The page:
EU wins approval to target $4 billion US imports over Boeing subsidies
The World Trade Organization tariff award, which confirms a decision first reported by Reuters on Sept 30, threatens to exacerbate transatlantic trade tensions with just three weeks until the US presidential election on Nov. 3
The European Union won the right to impose tariffs on $4 billion of US goods on Tuesday in retaliation against subsidies granted to planemaker Boeing, expanding a dispute that has already seen Washington put border duties on EU imports.
The World Trade Organization tariff award, which confirms a decision first reported by Reuters on Sept 30, threatens to exacerbate transatlantic trade tensions with just three weeks until the US presidential election on Nov. 3.
However, negotiators on both sides say it could also lead at last to discussions to resolve a 16-year legal battle.
Both the United States and the EU have signalled interest in settling the dispute over subsidies each provided to their respective planemakers, Boeing and Airbus, while accusing the other of refusing to talk seriously.
Tuesday's decision, delayed by the Covid-19 pandemic, follows a WTO ruling last year allowing Washington to impose tariffs on $7.5 billion in EU goods over state support for Airbus, which has sites in Britain, France, Germany and Spain.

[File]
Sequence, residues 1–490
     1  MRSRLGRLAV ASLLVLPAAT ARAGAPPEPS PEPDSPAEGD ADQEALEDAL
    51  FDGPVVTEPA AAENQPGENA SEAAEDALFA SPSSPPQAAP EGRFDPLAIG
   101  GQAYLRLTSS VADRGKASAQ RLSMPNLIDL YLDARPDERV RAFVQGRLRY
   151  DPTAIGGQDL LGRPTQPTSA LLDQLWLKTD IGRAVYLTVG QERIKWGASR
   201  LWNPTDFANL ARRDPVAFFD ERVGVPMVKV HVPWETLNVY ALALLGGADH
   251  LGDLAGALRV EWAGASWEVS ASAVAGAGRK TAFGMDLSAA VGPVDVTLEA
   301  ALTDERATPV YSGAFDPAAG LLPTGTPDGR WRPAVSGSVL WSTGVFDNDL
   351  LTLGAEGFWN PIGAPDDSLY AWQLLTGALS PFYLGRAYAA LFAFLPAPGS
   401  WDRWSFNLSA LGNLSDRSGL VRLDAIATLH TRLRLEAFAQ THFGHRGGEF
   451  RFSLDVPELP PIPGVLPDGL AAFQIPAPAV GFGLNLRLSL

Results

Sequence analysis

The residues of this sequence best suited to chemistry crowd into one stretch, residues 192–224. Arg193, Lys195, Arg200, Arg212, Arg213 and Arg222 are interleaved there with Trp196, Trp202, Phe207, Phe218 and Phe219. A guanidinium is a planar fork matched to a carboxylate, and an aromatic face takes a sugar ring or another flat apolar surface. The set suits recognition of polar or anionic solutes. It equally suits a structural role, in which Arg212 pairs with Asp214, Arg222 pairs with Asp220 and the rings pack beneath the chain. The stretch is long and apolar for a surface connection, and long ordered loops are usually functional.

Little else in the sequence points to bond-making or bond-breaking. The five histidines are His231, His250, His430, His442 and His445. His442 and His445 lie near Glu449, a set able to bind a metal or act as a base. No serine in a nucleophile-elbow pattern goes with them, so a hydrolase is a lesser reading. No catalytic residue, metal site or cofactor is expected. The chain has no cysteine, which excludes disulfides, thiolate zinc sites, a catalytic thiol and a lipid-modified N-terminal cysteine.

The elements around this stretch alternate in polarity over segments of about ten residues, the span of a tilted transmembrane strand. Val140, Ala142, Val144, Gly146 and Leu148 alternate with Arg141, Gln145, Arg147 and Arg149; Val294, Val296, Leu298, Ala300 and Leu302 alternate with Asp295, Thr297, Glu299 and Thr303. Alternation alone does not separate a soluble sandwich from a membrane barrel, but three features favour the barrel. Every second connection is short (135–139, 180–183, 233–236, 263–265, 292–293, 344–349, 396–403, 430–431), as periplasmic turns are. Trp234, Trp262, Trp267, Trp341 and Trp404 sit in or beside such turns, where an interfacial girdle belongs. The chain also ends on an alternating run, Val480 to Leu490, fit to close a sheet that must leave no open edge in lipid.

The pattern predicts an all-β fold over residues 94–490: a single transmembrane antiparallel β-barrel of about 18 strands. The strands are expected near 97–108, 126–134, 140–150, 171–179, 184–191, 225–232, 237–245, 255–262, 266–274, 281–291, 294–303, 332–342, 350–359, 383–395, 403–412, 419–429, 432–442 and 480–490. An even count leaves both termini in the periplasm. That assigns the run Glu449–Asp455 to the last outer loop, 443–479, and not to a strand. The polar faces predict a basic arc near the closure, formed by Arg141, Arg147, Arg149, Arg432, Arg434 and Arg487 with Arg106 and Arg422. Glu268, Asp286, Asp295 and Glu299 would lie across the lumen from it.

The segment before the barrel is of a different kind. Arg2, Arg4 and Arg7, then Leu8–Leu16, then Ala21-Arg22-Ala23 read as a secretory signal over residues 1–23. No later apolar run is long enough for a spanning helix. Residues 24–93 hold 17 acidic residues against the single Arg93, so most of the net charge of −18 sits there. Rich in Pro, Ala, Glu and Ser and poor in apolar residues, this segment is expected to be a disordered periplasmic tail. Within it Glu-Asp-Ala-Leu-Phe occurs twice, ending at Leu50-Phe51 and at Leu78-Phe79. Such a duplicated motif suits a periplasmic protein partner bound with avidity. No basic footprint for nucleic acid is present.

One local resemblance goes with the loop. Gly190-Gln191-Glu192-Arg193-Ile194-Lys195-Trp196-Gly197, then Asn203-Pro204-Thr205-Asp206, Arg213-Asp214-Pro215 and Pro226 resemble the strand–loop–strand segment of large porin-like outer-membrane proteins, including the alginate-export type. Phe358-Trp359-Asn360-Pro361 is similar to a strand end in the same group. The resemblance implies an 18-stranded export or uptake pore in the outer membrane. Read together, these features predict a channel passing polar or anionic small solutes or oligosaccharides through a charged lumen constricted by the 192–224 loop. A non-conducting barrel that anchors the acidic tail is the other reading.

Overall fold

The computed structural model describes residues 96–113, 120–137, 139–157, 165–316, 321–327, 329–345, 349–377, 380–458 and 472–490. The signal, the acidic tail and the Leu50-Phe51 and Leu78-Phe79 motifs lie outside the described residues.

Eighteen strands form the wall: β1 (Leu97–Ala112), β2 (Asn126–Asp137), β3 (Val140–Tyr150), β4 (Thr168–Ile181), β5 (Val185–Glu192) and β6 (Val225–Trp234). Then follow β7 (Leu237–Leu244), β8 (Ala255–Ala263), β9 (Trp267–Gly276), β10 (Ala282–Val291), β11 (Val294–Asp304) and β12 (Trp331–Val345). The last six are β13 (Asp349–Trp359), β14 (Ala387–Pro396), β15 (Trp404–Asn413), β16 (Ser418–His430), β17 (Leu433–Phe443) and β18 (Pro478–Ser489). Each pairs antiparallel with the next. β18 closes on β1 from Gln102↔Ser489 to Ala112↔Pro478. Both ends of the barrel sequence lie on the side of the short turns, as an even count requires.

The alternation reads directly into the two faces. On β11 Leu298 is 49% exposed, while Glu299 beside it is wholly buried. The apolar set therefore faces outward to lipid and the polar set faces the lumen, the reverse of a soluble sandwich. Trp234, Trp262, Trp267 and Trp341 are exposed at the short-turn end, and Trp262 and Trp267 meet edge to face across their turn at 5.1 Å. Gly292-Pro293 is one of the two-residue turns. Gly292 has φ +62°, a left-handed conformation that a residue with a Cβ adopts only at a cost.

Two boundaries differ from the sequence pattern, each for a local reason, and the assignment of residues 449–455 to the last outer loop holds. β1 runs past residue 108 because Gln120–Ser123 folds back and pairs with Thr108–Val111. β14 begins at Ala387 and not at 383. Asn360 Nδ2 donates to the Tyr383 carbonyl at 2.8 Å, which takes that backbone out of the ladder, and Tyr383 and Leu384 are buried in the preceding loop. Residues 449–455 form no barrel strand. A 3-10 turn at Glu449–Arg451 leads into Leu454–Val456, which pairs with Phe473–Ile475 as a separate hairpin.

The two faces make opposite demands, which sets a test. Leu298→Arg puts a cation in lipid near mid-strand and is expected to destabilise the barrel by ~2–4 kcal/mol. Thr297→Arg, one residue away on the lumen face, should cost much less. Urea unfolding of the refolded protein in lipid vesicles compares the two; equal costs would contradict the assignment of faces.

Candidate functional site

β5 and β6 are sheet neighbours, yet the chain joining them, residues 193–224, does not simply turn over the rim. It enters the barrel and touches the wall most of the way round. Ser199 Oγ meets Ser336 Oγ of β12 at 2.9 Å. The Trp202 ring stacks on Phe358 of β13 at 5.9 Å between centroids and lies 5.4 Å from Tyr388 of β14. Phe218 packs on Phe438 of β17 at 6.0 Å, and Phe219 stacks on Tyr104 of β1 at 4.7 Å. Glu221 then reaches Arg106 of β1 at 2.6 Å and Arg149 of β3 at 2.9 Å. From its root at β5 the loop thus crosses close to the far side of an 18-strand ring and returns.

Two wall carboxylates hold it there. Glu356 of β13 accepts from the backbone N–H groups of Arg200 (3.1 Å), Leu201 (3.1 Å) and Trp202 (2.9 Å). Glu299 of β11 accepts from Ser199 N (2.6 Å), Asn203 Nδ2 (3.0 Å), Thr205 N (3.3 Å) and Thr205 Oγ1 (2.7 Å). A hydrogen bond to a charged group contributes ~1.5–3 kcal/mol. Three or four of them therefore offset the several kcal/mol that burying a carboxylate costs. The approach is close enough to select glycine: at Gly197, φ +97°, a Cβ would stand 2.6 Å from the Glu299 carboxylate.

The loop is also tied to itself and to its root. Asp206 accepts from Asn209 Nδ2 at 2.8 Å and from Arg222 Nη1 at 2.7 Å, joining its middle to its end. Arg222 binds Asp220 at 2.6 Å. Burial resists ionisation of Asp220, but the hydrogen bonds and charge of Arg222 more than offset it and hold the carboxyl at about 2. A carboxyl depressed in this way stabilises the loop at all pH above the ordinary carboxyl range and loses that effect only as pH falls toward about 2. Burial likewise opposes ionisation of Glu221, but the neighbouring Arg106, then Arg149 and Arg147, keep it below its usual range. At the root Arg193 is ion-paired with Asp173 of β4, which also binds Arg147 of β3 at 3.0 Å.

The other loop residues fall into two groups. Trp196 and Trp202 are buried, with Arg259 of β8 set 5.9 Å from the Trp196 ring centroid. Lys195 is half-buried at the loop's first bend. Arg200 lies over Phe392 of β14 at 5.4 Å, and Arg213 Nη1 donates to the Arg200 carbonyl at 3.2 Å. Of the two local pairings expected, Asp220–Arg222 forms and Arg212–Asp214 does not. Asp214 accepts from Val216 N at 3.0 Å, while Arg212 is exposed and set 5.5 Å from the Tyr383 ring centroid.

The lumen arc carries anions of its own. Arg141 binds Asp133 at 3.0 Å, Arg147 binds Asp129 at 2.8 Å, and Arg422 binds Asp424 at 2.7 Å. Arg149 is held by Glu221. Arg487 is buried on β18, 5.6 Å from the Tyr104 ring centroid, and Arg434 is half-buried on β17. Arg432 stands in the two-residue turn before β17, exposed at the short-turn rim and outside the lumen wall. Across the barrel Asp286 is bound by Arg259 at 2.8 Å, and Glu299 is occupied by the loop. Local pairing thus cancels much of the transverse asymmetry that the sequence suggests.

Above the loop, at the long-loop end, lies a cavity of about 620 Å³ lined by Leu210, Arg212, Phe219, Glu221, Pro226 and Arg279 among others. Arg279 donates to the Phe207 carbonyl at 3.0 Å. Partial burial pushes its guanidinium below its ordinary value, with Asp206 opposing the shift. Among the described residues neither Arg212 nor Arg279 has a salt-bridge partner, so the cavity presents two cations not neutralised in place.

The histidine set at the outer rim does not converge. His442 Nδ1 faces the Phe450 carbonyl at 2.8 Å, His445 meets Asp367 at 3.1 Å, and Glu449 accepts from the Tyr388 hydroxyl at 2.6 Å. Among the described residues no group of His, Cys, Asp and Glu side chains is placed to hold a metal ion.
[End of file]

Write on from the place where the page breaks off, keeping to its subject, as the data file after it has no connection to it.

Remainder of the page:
Combined, the two cases represent the world's largest ever corporate trade dispute.
The state of Washington has since moved to repeal tax breaks that benefited Boeing, while Airbus has announced it will increase loan repayments for the A350 plane to France and Spain in bids to settle the matter.
Sources on both sides say they want their industrial rivals to go further before agreeing to bury their differences.
The European Commission has said it would prefer a negotiated solution, but would impose tariffs without one.
It has already drawn up a list of US products it could target including planes, wine, spirits, suitcases, tractors, frozen fish, and produce from dried onions to cherries.
The earliest it could act is after a WTO meeting on Oct 26, but few analysts expect it to do so before the US election.